It’s a VERY slow process by nature. And the worst, most frustrating part of the whole business. Agents can receive 300 submissions a week. They look through them all because they want to find the diamonds in the rough who will make them money. They don’t ignore you.
I think it’s unrealistic of agents to expect you to send your work to one at a time and wait months. I didn’t. I sent 5, waited 6 weeks and then sent 5 more out to different agents. I didn’t chase the ones that failed to return. I reckoned I was on a slush pile by then. But one man’s slush pile is another’s treasure pot…
And whilst we are on the subjects of agents – shop around for one which will be a good match. It is so tempting to sign up with anyone who will take you on, but force yourself to think long term. You need an agent who you can talk to, who will be your spokesman with a publisher, who you get on with because this is a very important relationship. Look in the Writers and Artists yearbook where you’ll find them all listed. Oh and there is no point in sending your fiction ideas to an agent who specifies that he only deals in non-fiction. And don’t send a full manuscript to an agent who only wants to see the first chapter. He won’t think you’re enterprising – he will think you’re a knob who can’t understand a simple instruction and you’ll find yourself fast-tracked to a slush pile.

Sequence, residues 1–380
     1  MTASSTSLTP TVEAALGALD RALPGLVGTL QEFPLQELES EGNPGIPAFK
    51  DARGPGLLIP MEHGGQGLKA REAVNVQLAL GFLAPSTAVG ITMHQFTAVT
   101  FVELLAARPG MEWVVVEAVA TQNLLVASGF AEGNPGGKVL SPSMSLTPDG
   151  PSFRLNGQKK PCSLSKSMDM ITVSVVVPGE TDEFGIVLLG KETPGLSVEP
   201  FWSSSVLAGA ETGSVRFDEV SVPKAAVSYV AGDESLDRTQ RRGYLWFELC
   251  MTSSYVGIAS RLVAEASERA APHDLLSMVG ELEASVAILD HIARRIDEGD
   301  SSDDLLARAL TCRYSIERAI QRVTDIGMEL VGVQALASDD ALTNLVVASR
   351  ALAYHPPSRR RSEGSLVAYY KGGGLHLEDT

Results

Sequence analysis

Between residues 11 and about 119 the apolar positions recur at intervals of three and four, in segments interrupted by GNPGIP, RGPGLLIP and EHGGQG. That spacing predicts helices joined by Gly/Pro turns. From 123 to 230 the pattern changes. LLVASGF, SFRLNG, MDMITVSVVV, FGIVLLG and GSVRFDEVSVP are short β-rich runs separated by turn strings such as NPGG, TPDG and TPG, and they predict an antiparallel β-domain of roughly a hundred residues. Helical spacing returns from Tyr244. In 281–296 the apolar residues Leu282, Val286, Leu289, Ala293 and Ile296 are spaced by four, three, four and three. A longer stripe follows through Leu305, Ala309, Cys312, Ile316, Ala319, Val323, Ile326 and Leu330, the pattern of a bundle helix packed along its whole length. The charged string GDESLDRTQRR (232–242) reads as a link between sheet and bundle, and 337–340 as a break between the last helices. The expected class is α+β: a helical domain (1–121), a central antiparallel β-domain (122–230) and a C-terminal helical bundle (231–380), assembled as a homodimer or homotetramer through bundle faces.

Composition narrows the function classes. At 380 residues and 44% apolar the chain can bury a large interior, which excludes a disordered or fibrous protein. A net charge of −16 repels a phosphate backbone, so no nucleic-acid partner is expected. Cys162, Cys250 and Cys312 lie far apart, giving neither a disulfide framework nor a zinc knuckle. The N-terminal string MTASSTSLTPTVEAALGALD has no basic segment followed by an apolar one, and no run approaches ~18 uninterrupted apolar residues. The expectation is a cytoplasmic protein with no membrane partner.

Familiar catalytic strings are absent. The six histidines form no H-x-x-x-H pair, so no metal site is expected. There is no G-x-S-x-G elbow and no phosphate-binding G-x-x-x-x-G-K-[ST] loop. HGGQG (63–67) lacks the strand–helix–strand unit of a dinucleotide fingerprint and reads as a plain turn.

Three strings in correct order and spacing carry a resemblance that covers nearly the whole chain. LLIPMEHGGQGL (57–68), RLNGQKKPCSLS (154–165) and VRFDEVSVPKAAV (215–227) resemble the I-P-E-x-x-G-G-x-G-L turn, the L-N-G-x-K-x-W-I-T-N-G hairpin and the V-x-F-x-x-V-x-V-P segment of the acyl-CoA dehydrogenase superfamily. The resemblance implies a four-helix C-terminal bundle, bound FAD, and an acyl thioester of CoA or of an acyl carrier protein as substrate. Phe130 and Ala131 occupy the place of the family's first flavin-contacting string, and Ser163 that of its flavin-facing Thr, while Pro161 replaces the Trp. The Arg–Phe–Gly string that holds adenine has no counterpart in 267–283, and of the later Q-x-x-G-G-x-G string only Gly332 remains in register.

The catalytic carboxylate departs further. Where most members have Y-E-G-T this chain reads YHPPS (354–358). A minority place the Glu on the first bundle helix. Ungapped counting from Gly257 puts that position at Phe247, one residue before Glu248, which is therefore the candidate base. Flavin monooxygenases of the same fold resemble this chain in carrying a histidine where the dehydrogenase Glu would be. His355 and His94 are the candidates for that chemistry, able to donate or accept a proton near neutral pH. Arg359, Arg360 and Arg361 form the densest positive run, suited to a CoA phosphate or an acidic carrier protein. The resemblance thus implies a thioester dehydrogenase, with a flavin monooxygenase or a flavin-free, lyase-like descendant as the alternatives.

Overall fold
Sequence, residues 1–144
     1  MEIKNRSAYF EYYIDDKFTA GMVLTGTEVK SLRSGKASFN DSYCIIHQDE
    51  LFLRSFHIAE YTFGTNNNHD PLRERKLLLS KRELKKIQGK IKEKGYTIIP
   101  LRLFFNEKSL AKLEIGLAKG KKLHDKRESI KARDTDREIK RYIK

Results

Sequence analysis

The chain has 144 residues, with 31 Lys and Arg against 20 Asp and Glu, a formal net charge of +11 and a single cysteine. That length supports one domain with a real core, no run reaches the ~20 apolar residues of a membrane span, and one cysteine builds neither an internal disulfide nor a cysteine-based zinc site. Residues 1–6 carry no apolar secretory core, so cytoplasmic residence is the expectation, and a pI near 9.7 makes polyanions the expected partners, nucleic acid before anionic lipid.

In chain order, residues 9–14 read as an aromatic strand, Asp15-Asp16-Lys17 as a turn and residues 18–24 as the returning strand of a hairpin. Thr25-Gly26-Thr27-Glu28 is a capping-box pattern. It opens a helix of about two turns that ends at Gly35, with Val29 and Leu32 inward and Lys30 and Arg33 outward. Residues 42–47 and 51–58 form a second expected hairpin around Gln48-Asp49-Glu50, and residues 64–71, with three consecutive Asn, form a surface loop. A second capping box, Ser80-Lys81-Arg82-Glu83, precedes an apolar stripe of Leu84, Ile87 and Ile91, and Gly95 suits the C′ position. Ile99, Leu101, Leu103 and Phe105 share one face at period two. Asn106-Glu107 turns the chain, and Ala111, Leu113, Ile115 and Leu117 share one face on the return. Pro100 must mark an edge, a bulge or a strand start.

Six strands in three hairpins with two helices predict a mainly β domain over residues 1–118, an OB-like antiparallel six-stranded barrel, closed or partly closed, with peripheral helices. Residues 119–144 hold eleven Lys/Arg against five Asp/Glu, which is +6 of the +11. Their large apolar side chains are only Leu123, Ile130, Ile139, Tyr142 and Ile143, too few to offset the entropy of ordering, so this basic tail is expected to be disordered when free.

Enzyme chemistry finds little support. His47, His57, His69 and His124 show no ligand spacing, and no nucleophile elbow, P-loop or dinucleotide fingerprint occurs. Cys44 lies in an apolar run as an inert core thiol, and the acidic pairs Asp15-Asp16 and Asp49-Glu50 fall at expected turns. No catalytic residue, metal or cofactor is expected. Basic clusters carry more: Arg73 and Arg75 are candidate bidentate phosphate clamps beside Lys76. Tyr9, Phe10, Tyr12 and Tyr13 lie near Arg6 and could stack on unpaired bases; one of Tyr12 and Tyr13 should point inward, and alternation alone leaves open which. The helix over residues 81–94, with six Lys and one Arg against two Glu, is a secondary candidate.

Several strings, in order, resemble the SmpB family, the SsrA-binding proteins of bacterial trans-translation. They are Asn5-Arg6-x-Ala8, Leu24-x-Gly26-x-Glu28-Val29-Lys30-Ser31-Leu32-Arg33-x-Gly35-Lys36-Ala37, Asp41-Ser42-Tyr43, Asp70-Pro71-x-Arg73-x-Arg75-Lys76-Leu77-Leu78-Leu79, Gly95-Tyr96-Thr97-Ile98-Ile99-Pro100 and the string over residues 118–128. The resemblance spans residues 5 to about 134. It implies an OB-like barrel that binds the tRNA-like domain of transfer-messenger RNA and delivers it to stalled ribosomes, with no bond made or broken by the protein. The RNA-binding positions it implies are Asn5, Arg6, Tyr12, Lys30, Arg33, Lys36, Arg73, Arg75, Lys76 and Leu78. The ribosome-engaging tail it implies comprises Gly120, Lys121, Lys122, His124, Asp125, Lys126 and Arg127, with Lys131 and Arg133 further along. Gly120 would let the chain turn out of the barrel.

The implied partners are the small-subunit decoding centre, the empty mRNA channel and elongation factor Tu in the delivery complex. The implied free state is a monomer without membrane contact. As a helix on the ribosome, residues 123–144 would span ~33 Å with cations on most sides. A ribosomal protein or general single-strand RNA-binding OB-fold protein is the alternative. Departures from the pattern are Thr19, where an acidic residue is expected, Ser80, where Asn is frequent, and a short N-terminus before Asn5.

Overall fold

Don’t be tempted to send your manuscript to a publisher (unless they have some sort of competition where they are asking for submissions – but they often do so check). Send it to an agent. If that agent likes your stuff, they will recommend it to a publisher with whom they have relationships and know what that publisher might go for. Sending your work to an agent who then presents it to a publisher who might have already seen your work and rejected it, isn’t doing anyone any favours. You are more likely to get your work accepted if you work with an agent.
A COVERING LETTER TO AN AGENT
Your covering letter to an agent should be relevant and succinct. An agent does not need or want to know that you won Miss Teenage Blackpool in 1987. He might want to know that you won The Blackpool Gazette prize for best short story last year. KEEP IT RELEVANT.
1 – Brief opening. (Hi, my name is XXX and I’ve written a book about xxx which I hope your agency might be interested in presenting to a publisher etc.)
2 – Give a BRIEF summary of the book. Make the agent want to read more.
3 – The market position – help him and yourself by specifying which genre your book falls into so he can pitch it efficiently.